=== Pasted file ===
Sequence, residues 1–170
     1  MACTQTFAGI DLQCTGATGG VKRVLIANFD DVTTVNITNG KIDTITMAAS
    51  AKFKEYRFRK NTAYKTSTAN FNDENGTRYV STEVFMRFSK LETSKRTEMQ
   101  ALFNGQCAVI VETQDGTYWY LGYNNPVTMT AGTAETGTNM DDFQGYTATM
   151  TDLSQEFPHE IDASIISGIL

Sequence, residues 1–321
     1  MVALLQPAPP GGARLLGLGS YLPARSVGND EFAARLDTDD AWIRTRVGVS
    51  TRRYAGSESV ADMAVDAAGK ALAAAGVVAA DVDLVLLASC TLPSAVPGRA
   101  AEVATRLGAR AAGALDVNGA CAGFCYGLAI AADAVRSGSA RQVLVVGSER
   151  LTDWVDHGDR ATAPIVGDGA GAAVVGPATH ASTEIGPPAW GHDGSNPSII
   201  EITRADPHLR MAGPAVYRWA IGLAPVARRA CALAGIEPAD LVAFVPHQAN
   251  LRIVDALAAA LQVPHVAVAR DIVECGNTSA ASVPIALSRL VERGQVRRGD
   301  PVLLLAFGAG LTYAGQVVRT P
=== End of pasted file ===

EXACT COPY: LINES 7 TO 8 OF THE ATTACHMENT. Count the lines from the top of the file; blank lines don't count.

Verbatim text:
     1  MVALLQPAPP GGARLLGLGS YLPARSVGND EFAARLDTDD AWIRTRVGVS
    51  TRRYAGSESV ADMAVDAAGK ALAAAGVVAA DVDLVLLASC TLPSAVPGRA